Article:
Please can someone explain to me what I need to do to put this right?

    If it was hacked off, is there some kind of sealer that could be applied to the bricks so it can be plastered, or does it need this lime mix?
     
  4. cdbe

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    I had exactly the same issue when I removed my chimney breast. It's tar. Fortunately I knew it would happen so I did a few thin layers of SBR/cement slurry and render (I think it was 3) until it was dry, then skimmed it. If you can't do that then hack off the plaster and stick some foil backed plasterboard over it and skim. The photo is of the tar showing through the first coat. From this I've learned that the tar soaks more into the joints so worth raking them out a bit as well.
    IMG_20180425_095705696.jpg
     
  5. bobasd

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    OP, your not certain you only think it was render?
    you might also have used a gypsum skim which is wrong. so is bonding. i suspect you used all gypsum plaster?
    you should render with two coats of lime render an a remedial finish eg limlite an use plastic beads.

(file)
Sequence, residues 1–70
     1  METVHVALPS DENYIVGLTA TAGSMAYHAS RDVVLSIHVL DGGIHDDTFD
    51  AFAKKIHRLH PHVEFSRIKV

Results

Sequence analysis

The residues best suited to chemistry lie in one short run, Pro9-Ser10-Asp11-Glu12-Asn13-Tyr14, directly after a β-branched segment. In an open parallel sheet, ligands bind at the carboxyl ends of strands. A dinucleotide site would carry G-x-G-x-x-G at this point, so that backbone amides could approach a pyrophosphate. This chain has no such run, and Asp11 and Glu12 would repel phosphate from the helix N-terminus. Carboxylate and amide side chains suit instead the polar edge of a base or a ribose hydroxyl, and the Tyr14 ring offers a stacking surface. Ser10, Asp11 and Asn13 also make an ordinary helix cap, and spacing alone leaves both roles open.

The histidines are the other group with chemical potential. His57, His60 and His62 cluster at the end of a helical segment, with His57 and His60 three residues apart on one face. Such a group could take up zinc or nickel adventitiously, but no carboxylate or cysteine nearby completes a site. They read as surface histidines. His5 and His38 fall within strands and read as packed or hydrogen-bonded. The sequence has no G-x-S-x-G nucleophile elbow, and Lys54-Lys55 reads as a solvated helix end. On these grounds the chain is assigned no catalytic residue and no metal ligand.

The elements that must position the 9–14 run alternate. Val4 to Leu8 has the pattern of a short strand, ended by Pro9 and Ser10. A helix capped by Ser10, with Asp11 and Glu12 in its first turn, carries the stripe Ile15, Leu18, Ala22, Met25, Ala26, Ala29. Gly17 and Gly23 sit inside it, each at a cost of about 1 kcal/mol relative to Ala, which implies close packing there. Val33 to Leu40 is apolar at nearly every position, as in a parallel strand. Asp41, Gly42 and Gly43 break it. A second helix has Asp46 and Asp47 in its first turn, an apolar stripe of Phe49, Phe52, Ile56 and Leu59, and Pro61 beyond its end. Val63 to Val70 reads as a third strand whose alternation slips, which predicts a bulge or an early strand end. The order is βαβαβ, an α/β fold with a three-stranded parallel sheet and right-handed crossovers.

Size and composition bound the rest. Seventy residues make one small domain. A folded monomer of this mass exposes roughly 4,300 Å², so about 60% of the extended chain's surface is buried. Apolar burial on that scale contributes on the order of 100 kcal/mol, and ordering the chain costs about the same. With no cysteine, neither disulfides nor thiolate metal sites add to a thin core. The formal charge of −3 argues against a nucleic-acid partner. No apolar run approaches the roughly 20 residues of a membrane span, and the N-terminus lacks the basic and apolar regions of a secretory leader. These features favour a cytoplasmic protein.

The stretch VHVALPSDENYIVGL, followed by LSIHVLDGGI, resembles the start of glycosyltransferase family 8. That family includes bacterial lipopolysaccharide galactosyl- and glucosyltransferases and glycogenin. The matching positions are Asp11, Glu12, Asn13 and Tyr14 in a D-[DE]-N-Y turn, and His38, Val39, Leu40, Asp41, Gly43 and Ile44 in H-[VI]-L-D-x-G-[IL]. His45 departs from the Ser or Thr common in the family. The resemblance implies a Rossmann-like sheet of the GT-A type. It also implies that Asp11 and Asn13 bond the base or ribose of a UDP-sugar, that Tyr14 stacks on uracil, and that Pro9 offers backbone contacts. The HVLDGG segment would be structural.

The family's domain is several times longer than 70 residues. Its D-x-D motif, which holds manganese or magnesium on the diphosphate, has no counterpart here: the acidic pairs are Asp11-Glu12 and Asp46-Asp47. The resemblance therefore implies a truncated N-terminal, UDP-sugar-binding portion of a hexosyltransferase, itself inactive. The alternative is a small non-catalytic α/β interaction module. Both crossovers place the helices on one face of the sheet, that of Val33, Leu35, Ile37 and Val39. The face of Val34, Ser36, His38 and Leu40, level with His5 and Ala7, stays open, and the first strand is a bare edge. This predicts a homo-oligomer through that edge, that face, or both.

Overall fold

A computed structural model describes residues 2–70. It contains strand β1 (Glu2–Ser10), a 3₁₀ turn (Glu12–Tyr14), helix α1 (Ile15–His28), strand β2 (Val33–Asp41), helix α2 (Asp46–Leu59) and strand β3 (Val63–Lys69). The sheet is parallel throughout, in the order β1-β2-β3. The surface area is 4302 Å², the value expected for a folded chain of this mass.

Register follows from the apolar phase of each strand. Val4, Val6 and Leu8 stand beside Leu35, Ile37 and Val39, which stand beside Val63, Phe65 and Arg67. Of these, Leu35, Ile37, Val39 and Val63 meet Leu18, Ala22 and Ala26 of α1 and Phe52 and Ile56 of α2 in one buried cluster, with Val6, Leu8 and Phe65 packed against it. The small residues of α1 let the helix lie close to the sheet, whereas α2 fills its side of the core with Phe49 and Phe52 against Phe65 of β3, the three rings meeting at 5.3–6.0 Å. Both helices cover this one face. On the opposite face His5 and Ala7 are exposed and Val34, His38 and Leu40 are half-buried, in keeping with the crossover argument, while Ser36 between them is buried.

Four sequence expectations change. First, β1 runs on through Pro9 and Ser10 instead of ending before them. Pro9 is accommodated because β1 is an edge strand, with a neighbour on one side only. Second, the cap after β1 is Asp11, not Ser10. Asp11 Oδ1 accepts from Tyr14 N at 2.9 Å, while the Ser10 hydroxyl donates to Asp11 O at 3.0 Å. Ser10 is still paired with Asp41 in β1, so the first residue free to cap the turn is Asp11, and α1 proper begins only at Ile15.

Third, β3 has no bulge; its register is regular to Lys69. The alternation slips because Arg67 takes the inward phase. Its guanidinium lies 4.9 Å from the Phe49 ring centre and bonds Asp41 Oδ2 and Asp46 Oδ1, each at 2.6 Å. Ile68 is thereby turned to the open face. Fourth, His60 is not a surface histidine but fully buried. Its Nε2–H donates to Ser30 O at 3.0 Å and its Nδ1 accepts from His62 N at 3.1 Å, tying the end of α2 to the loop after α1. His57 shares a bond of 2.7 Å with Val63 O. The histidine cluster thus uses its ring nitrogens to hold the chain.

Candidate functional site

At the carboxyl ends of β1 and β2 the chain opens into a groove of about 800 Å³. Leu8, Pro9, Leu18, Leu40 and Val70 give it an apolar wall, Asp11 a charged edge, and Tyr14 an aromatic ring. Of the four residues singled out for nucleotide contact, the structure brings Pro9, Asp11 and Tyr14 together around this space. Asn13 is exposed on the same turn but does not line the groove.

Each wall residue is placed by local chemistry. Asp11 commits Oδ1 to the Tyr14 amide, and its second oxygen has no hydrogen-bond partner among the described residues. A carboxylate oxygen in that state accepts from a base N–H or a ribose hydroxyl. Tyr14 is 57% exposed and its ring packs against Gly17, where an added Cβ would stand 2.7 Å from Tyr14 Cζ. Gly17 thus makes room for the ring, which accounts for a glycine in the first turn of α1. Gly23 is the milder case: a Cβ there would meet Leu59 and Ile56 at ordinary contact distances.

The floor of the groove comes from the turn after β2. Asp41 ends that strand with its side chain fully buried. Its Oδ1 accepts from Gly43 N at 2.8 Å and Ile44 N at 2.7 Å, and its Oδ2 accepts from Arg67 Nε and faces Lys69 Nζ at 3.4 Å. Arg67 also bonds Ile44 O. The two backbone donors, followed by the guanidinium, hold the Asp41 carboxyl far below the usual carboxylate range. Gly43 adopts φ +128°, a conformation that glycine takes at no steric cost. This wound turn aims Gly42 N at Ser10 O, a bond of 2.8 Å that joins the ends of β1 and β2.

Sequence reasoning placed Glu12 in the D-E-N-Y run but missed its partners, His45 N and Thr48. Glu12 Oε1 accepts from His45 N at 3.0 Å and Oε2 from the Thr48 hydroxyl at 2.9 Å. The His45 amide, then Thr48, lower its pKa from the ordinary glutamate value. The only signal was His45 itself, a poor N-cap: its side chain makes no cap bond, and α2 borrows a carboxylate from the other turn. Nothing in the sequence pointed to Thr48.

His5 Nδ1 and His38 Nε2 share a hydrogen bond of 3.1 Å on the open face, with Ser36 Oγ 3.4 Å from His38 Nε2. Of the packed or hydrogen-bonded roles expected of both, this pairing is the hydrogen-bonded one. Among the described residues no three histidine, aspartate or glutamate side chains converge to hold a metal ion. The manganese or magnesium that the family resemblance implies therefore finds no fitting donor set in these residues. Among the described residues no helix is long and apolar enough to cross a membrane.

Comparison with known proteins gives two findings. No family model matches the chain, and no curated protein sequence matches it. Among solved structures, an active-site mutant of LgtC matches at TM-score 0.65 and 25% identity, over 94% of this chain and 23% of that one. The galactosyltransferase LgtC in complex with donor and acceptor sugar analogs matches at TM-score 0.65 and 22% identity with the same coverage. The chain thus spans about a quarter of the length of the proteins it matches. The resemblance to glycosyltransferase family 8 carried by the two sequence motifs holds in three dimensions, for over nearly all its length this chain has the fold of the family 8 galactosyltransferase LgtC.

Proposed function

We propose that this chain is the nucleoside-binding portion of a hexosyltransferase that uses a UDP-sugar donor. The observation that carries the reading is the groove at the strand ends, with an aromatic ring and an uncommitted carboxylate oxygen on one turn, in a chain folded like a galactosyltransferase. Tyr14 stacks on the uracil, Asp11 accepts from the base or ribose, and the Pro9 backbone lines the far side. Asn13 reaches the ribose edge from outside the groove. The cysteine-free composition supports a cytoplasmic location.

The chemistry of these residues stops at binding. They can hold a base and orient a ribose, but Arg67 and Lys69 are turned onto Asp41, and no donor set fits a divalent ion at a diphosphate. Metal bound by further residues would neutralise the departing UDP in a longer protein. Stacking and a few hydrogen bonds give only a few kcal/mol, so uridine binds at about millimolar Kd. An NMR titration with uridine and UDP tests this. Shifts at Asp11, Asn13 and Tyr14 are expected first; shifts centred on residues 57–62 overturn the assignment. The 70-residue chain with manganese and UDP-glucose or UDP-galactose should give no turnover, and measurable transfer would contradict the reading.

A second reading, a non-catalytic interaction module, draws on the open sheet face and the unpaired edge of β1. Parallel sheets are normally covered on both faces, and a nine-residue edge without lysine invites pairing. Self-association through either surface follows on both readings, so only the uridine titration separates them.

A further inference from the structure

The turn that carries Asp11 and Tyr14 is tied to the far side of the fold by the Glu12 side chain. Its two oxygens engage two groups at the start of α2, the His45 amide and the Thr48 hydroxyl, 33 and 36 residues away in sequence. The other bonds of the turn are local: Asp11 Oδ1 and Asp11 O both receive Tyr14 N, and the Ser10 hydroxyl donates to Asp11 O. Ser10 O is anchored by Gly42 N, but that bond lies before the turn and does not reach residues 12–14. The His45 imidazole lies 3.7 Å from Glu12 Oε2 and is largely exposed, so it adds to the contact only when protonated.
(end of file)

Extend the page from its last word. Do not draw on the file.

all soot an tar an signs of contamination has to be removed.you've obviusly not done enough.
    i cant understand the bend - is that the backwall of your old flue?
    why not post photos of that whole wall an the same position from the other side of the wall?
     
  6. bobasd

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    cdbe,
    cant understand what you did, here's how it should be done:

    totally sweep flue then wire brush clean an grind off all soot an tar, if v. bad hack out all beds an perps.
    blind the brickwork with two coats of SBR, second one tackty.
    then two 10mm coats of 3:1 sand an lime render, an a limelite skim finish.